His lengthy obituary in the Washington Post included only a single sentence about Roger Kennedy’s unsuccessful race for Congress in St. Paul in 1952. But it overlooked his role as a central figure, along with U.S. Chief Justice Warren Burger, in one of Minnesota’s most intriguing political dramas.
Kennedy, the 85-year-old St. Paul native and former director of the National Park Service and the National Museum of American History who died Friday at his home in Rockville, Md., was a 26-year-old law student when he opposed Democrat Eugene McCarthy’s bid for a third term in 1952.
Kennedy incurred McCarthy’s enduring antipathy by attacking his support for legislation to give federal employees fired as security risks the right to be hired in non-sensitive jobs. Kennedy said it was proof that he “does not understand the danger of subversion,” and accused McCarthy of lying about his voting record “in order to justify his unholy proposal.”
Kennedy’s charges struck a nerve with McCarthy, who only three months earlier was the first member of Congress to publicly oppose Sen. Joseph McCarthy’s Communist witch-hunting tactics when he debated the demagogic Wisconsin Republican on national television. The Washington Star’s TV critic wrote afterward that the young Minnesota congressman had proved “the fallacy of Senator McCarthy’s invincibility in debate.”
But it was Burger, then a prominent St. Paul attorney and Kennedy supporter, whom McCarthy blamed for masterminding the smear campaign against him.
The genesis of McCarthy’s unforgiving attitude towards Burger can be traced to a debate at Hamline University on Oct. 21, 1952, when Burger, standing in for Kennedy, accused McCarthy of “using a feather duster when he ought to be using a pick ax. A bad security risk shouldn’t be employed by the government anywhere, and [McCarthy] is still for a proposal to give job preference to people dismissed as security risks.”
McCarthy, who was outraged when his daughter Ellen came home from kindergarten and asked her mother, “Mama, what’s a Communist?” because he knew she had been asked why her father was a Communist, never forgave Burger, as was evident 17 years later when he voted against Burger’s confirmation as chief justice for reasons he said were “somewhat personal and political.”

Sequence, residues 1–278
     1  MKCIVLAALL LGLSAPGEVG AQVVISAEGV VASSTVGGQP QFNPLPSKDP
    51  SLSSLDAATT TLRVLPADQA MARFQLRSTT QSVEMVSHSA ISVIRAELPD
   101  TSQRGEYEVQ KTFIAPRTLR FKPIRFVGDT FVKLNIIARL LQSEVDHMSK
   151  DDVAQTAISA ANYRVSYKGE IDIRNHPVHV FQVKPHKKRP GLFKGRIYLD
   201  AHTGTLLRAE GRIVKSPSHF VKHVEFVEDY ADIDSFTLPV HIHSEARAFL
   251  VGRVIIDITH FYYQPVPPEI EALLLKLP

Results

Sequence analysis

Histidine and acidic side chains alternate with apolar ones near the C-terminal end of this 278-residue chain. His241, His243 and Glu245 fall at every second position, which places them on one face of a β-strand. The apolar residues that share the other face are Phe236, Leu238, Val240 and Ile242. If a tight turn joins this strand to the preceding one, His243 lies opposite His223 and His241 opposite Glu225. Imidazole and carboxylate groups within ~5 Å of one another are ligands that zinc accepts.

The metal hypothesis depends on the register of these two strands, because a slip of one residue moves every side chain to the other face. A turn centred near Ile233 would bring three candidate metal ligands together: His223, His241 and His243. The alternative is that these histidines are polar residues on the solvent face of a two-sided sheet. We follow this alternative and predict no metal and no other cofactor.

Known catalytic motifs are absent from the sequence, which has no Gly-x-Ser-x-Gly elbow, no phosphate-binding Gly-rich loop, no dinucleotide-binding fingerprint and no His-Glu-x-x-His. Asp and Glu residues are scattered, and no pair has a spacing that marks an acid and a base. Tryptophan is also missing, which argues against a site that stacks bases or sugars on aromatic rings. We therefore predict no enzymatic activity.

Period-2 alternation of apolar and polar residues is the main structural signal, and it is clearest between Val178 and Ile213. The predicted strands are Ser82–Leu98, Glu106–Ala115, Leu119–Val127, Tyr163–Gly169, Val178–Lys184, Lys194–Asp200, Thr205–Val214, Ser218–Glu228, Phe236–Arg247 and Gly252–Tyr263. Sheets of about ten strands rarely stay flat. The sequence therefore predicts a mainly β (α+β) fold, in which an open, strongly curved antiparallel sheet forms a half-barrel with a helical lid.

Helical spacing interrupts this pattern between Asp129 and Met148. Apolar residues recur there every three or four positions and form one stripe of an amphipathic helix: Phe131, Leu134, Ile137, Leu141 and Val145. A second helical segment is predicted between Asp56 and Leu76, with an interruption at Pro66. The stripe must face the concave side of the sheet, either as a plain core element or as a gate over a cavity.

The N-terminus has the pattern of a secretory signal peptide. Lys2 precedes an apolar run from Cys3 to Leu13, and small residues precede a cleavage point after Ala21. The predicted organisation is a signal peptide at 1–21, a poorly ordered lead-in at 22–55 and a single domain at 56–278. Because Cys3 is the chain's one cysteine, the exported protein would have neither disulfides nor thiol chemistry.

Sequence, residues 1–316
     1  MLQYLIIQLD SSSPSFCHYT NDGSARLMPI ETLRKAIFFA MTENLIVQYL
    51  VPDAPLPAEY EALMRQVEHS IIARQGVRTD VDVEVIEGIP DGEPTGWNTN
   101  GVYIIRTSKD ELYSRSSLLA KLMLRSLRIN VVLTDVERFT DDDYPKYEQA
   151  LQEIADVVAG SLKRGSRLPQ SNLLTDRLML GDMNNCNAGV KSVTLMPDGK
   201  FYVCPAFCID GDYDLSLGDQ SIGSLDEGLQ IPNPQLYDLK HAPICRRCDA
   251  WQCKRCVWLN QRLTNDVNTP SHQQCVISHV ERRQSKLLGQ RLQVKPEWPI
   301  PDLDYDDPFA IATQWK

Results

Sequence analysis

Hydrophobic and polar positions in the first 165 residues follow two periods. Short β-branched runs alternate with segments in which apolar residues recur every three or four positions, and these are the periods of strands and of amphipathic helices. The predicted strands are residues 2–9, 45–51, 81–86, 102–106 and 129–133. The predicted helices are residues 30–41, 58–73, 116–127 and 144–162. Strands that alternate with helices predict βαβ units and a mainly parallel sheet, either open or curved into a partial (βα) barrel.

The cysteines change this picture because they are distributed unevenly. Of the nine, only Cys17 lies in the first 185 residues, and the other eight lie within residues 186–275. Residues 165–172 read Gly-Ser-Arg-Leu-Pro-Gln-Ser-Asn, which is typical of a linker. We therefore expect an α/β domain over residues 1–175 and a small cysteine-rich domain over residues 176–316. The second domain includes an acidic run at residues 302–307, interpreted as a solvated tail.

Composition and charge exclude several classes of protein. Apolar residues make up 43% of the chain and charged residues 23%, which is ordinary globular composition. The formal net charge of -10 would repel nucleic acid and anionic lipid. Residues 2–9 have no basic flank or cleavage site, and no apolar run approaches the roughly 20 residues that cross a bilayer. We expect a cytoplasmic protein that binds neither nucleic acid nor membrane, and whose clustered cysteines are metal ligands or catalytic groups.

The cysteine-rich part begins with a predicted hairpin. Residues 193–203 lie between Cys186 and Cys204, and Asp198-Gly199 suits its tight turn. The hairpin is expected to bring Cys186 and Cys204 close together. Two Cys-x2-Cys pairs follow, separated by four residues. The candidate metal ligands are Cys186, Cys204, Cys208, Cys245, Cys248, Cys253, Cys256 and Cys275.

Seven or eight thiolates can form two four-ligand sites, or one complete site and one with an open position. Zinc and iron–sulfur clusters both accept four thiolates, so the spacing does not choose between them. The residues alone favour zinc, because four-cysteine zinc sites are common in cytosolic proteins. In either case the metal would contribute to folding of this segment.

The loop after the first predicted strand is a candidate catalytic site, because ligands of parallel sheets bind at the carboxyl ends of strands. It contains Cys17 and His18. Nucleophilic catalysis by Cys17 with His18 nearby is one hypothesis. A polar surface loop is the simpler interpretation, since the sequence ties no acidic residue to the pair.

McCarthy’s anger was evident when he returned from the debate with Burger, according to Karl Rolvaag, the future Minnesota governor who was then a candidate for Congress from Minneapolis and was at McCarthy’s house afterwards. “Gene was as emotional that night as I have ever seen him,” Rolvaag told me in an interview in 1971. “His face was ashen grey. I can’t remember all the details, but he was very, very upset. He never forgave Burger for that.”
However, both Burger and Kennedy had different recollections. “It always baffled me why he carried 1952 as something of a grudge,” Burger told me shortly after McCarthy voted against his nomination as chief justice. “I can’t imagine what’s sticking in his craw.”
Kennedy discussed the 1952 campaign in an interview with me in 1971, when he was vice president of the Ford Foundation in New York, the year before he became Burger’s assistant after President Eisenhower named Burger assistant U.S. attorney general in 1953.
McCarthy “probably thought I was a whippersnapper who had no business contesting someone of his stature, and he probably was right, but I didn’t think so at the time. I suspect that it’s possible that he might have begun to worry about the outcome and that any pressure from someone as distinguished as Warren Burger was unwelcome. … Warren and I were both very much surprised that [Burger’s] very limited role in that campaign loomed so large in Gene’s memory.”
Despite the bitterness of the 1952 campaign, it had little effect on the outcome. McCarthy got nearly 62 percent of the vote and won a third term with a 38,000-vote majority, the largest he’d ever gotten, even as Eisenhower was carrying Minnesota against Adlai Stevenson with 55 percent of the vote.
Back in the House, McCarthy resumed his vendetta against Burger by calling for the resignation of Burger’s boss, Attorney General Herbert Brownell. He said Brownell had used his office for personal advancement and had “misled” Eisenhower on the issue of Communists in government. “He asked the president for a hunting license without telling him what he was going to shoot.”
Note: Eisele interviewed Kennedy, Burger and Rolvaag for his 1972 dual biography of McCarthy and Hubert Humphrey, “Almost to the Presidency,” which he is revising and updating for publication under a new title next year. Eisele is editor-at-large of The Hill, which he helped start in 1994.